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Testimonies from Colina Group members begin

January 24th, 2008 · No Comments

 JUICIOAFUJIMORI1-23-01-08027.jpg picture by praxislima Marcos Flores Albán.

January 23, 2008

Fifteenth session. State prosecutor Avelino Guillén and Ronald Gamarra, lawyer for the victims’ families, began the hearing by clarifying César Nakasaki’s affirmations from the previous session. In the cross-examination of journalist Edmundo Cruz, Nakasaki falsely claimed that part of the witness’s testimony could not be true. Consequently, the state prosecution as well as the lawyers of the victims’ families clarified the information, though no sanction was made against Nakasaki. According to Peruvian law, it is the court’s duty to sanction these kinds of acts, as indicated in section 13 of article 184 in the Organic Law of the JudiciaryMarcos Flores Albán, member of the Peruvian army, testified in this hearing. Flores admitted that he was integrated into the paramilitary group Colina in February 1991, as he similarly said in his other testimonies in the trials against Colina for the cases of La Cantuta and Barrios Altos. He explained in detail the group’s activities:

  1. He described the structure, indicating the four officers who were in charge (in order of rank): 1) Juan Rivero Lazo, who was then general of the Peruvian Army and chief of intelligence; 2)Fernando Rodríguez Zabalbeascoa, who was lieutenant colonel in the army; 3) Santiago Martin Rivas, captain; and 4) Carlos Pichilingüe Guevara, captain.
  2. Flores confirmed that those who directed these officers were Vladimiro Montesinos and Nicolás Hermoza Ríos. He said that on June 27, 1992 (three months after the coup), the Commanding General of the Armed Forces, Nicolás Hermoza Ríos, invited the members of Colina to lunch at one of the army’s bases in order to congratulate them. At this lunch, Hermoza spoke to them, implying that Colina operated with the consent of high government officials. “Now we have a legal frame, now we have political leadership,” he said. Flores turned in an audio copy of this speech to the court, to serve as evidence in the trial.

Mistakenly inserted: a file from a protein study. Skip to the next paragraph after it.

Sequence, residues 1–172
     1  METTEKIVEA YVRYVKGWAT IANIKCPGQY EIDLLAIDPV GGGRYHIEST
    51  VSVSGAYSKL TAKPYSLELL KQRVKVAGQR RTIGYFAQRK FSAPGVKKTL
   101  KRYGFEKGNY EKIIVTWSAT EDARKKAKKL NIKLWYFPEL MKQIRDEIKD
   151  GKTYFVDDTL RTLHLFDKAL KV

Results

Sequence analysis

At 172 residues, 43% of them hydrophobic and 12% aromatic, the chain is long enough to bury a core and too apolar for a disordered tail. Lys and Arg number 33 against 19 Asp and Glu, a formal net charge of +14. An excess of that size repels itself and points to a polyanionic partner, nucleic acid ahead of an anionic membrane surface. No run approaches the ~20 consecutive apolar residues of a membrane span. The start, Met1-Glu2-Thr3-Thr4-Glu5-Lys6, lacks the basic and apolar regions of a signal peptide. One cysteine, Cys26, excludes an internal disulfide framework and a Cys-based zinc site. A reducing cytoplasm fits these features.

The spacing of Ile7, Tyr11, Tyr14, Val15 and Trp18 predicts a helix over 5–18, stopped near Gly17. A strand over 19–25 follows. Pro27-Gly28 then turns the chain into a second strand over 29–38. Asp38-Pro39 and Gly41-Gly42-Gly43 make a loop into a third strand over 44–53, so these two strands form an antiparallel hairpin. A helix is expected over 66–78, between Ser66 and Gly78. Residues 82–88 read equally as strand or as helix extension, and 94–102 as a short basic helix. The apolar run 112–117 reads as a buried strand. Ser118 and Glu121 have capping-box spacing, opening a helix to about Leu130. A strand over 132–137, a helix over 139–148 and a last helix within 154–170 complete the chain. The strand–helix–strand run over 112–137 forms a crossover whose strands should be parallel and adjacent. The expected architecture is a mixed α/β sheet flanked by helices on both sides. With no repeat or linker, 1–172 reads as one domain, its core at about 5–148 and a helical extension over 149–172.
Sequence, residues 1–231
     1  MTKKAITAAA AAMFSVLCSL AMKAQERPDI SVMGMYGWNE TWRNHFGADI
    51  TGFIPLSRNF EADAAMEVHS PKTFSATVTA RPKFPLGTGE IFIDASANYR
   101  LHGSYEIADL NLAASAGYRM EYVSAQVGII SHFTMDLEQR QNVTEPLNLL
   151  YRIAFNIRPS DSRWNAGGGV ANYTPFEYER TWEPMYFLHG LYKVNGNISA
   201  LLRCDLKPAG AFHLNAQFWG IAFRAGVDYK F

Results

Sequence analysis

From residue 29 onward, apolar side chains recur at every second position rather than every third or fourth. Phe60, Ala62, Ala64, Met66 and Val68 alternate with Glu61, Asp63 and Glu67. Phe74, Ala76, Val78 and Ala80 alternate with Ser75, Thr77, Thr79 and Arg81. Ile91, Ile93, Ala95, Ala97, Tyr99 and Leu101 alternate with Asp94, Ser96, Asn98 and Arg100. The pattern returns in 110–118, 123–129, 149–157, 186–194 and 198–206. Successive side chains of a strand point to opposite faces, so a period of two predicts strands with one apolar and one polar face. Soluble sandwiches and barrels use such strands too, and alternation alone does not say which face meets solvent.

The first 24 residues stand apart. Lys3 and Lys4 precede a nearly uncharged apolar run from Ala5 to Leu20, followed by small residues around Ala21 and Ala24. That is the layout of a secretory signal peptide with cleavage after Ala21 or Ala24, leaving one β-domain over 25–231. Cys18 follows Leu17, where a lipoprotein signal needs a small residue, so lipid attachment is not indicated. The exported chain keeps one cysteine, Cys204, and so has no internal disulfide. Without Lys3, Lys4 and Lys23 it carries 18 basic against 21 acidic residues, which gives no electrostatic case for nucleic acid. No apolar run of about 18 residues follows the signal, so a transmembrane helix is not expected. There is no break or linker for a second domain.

3. “Plan Cipango” was created by Martin Rivas and later given to Flores to type. Flores said that the plan defined as a strategy the creation of a clandestine paramilitary group, which, the witness claimed, was the basis for Colina. (It is important to remember that in the last hearing Edmundo Cruz mentioned that the name Cipango was a reference to Japan.)
  4. Flores said he heard Rodríguez Zabalbeascoa say: “I went to see Vladi [Vladimiro Montesinos] in order to get the green light for the Barrios Altos operation, he told me, ‘beat the shit out of them.’” According to Flores, this demonstrates that Montesinos was aware of the group and approved Colina’s operations.
  5. Type of arms. Flores said that he was in charge of keeping the arms of the Colina Group, which included: 5 FAL rifles, 3 heavy barrel automatic rifles, 3 tripod rifles, 10 HK 9mm pistols with silencers, bullets, grenades, picks and shovels. (It is important to keep in mind that the issue of the army’s use of silencers has been contradicted among military witnesses during the trial, some deny the use of silencers while others say it was known that intelligence agents used them.)
  6. Flores formed part of the group who analyzed documents confiscated from Shining Path members. He also said that group carried out the assignment in the Regional Direction against Terrorism (DIRCOTE) and that this analysis formed part of “Plan Caballero” (Plan Gentleman). (It is important to remember that Marco Miyashiro, witness from the Peruvian police who was in charge of the operation involving Abimael Guzmán’s capture, testified in a previous hearing that the work carried out by this analyst group was never turned into the Peruvian police, thus not contributing in the Guzmán’s capture.)

On Friday, Jan. 25, two other Colina members will give their testimonies: José William Tena Jacinto and José Concepción Alarcón Gonzales, the latter also being Nicolás Hermoza Ríos’ personal security guard.Hermoza is currently being tried for the Barrios Altos and La Cantuta shootings as well as for illicit enrichment, and is thus being held, though he is currently in the military hospital for a minor surgery. The doctors at the National Penitentiary Institute have decided that he is ready to return to the prison on Jan. 26 at the latest. Hermoza, as a witness in the trial against Fujimori, continues to spark debate as to whether his declarations will implicate the former president even more. Both defendants are represented by lawyer César Nakasaki.

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